TOWNSEND: Students should embrace diverse teaching styles

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Communication-based teaching gives foundation for better learning

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TOWNSEND: Students should embrace diverse teaching styles

(JORDAN DEL VALLE TONOIAN / EYE OF THE TIGER)

(JORDAN DEL VALLE TONOIAN / EYE OF THE TIGER)

(JORDAN DEL VALLE TONOIAN / EYE OF THE TIGER)

One of the very first assignments I was given in my AP Government class was to read a set of provided documents and prepare to use them in a socratic seminar. The topic was not entirely related to American government – not even to Comparative government. It was instead focused around the question, “Why are we spending our time here in school?”


The purpose of this exercise was, in part, to get the students warmed up to the class environment and feel comfortable with their new set of peers. Yet, it also allowed us students to open our minds up and question the way school functions and think about the philosophy behind methods of learning.


As I sat and read the piece by Paulo Freire, I consumed the definitions of this so called “banking teaching system” in more depth. This method of teaching suggests that a teacher’s task is “to regulate the way the world ‘enters into’ the students,” and “fill” up students with deposits of information.


This shocked me into giving my actual attention to the assignment. To say that we students are passive individuals, being made even more passive by not being provided a more stimulating learning experience made me feel helpless. If that is how we are being “taught,” what is the point?


I began to think of the teachers I’ve had throughout my life and if any of them fit this description. I was terrified that this whole time I was being brought up  as someone to become nothing more than a cog in the machine that is society. I was relieved when after much inner-debate, I realized that the current system is less controlling and fits better with the proposed solution in Freire’s piece.


That proposed solution is communication. It is as simple as that. Rather than the teacher lecturing and the students soaking up whatever information they can, the way to give education depth and allow for understanding is a more equal and level relationship between teacher and student.


Right then and there, my worries vanished almost completely. I cannot think of one high school teacher I have had who has tried in any way to avoid conversation with students. In fact, that is the main focus of the majority of the teachers here – to not give the answers, but to allow the students to work their way through it themselves (with help when needed) in their own ways.


The teacher of my government class tells us time and time again that her goal is to make us efficacious citizens, capable of provoking change in our society. That in itself sounds a lot like that proposed solution. My pre-calculus teacher from last year, too, had this same philosophy. He would always remind us that there are usually many different ways to go about one single problem but it works for one student may not be the same for another.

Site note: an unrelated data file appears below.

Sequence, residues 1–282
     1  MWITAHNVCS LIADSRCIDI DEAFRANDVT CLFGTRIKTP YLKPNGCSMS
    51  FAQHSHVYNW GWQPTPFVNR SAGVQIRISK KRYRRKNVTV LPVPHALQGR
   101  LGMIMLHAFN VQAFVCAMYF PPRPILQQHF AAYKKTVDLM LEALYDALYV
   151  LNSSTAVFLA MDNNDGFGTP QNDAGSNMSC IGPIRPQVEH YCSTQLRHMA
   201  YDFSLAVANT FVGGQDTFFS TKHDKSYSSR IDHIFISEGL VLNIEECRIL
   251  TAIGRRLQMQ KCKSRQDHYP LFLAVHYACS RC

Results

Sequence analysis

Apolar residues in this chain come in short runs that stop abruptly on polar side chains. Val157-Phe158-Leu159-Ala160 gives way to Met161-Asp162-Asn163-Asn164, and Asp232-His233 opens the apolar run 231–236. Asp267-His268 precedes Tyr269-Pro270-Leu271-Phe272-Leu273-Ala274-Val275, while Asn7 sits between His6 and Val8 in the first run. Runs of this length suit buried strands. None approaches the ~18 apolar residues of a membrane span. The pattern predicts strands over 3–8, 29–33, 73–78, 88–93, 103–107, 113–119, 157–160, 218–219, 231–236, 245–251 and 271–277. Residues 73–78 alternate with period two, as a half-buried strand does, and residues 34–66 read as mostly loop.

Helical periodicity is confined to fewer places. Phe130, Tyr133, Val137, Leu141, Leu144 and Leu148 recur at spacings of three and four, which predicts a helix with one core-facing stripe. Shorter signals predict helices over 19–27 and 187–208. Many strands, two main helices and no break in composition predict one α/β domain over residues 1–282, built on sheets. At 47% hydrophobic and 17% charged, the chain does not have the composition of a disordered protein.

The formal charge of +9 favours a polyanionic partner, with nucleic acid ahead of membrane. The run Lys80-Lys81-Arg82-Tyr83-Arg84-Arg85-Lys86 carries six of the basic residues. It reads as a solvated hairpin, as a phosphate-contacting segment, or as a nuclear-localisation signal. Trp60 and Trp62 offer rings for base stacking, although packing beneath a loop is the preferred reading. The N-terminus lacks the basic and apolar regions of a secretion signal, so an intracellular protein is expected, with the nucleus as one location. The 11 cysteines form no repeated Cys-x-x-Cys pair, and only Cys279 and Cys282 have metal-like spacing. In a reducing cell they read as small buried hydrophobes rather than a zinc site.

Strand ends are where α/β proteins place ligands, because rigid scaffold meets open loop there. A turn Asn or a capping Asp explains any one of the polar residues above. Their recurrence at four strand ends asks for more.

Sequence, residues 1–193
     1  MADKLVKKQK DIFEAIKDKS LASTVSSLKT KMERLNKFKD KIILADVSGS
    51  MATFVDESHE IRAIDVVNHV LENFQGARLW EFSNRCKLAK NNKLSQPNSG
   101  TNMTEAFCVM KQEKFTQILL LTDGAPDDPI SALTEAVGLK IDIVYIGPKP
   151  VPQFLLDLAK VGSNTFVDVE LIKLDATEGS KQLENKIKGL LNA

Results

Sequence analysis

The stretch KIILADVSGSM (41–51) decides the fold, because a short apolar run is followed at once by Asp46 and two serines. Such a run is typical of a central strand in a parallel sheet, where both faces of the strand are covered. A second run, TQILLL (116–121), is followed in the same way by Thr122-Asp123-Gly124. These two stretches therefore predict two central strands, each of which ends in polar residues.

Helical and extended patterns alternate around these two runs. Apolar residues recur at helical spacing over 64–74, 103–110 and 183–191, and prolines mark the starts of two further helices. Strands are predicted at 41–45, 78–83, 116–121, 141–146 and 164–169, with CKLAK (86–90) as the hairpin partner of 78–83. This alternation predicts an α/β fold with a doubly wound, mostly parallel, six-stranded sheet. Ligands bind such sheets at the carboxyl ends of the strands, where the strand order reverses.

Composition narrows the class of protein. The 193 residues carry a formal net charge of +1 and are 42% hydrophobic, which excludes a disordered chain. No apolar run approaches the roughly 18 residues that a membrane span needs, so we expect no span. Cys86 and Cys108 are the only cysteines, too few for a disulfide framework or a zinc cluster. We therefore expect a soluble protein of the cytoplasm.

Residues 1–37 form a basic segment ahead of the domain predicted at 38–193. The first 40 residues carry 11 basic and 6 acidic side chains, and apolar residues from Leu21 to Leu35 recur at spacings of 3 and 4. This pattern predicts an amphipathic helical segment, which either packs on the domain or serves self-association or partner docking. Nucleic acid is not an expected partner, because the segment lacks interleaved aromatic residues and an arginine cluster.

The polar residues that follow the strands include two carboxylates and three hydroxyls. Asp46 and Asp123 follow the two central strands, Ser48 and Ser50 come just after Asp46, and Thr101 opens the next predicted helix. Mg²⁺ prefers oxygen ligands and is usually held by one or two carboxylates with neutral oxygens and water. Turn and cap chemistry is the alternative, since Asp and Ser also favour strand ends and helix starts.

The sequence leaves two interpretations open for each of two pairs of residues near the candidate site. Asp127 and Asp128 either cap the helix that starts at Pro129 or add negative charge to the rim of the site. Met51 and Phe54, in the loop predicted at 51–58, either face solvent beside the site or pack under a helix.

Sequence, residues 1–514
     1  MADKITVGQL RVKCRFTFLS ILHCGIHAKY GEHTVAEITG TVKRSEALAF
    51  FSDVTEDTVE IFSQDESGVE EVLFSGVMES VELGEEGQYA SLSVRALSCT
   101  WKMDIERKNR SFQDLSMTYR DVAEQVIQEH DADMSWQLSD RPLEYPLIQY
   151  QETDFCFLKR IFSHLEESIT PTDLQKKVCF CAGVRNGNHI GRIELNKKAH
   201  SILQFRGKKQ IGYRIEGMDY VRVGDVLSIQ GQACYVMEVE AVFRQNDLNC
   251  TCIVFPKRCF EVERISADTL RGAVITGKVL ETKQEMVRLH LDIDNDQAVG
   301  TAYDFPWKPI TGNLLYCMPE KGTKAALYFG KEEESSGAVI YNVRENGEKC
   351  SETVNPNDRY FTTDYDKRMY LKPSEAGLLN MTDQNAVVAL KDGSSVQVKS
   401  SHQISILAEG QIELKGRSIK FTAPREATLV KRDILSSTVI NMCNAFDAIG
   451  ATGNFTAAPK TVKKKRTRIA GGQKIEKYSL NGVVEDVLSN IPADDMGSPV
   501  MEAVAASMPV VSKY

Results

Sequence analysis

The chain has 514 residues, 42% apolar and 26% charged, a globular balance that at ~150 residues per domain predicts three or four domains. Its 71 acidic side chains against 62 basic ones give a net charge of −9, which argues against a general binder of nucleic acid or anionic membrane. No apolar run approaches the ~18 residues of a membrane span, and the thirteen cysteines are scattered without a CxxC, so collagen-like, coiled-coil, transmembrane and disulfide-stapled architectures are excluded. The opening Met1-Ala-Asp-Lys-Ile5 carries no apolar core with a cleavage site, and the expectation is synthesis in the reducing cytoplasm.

I much prefer this method  than being spoon fed answers and forced to go about the issue a certain way, not being able to give my own suggestions or imput.


To have a more hands-on learning experience is much more beneficial to learning and I would say “my own learning,” but in reality,  figuring something out for oneself strengthens the ability to form emotional memories – memories that are better maintained and more easily recalled than memorization on its own.


You might be wondering why on Earth I chose to write about methods of teaching and what opinion could have on the subject. The whole reason I bring this up is because there are students (not just on this campus—it’s a problem that reaches across school barriers) who do not appreciate this communication-based learning.


“So and So doesn’t even teach!” “We have to teach ourselves, it’s not fair.” “I feel like we aren’t even being taught the material!” Trust me, I’ve been there too. With the amount of stress school life puts on us, it’s hard not to blame it on our teachers.


After making connections with teachers and hearing their side of the story, I completely understand where they come from when they make us work a little bit harder. Trust me, I don’t want any more extra work than the next person—but if it is going to make me actually keep information and be able to apply said knowledge to the real world, I would be happy to attempt to work out a math problem on my own first.


I know the amount of work we have is backbreaking at points. The teachers are not doing this to torture us. they’re actually willing to work with us to help build our foundations for life together. To teachers who prefer the banking teaching method, allow your students more participation in their learning – they deserve a more hands-on experience.


If you take one thing away from this, let it be this: teachers should be cautious of falling too close to one of two extremes. The professor who does nothing but lecture and test, with hardly any communication to engage their students and on the other side of the spectrum, the professor who puts everything on the student and expects them to be prepared without any communication.


Once again, communication is the key to the concept of learning, without it, learning would be even greater a struggle.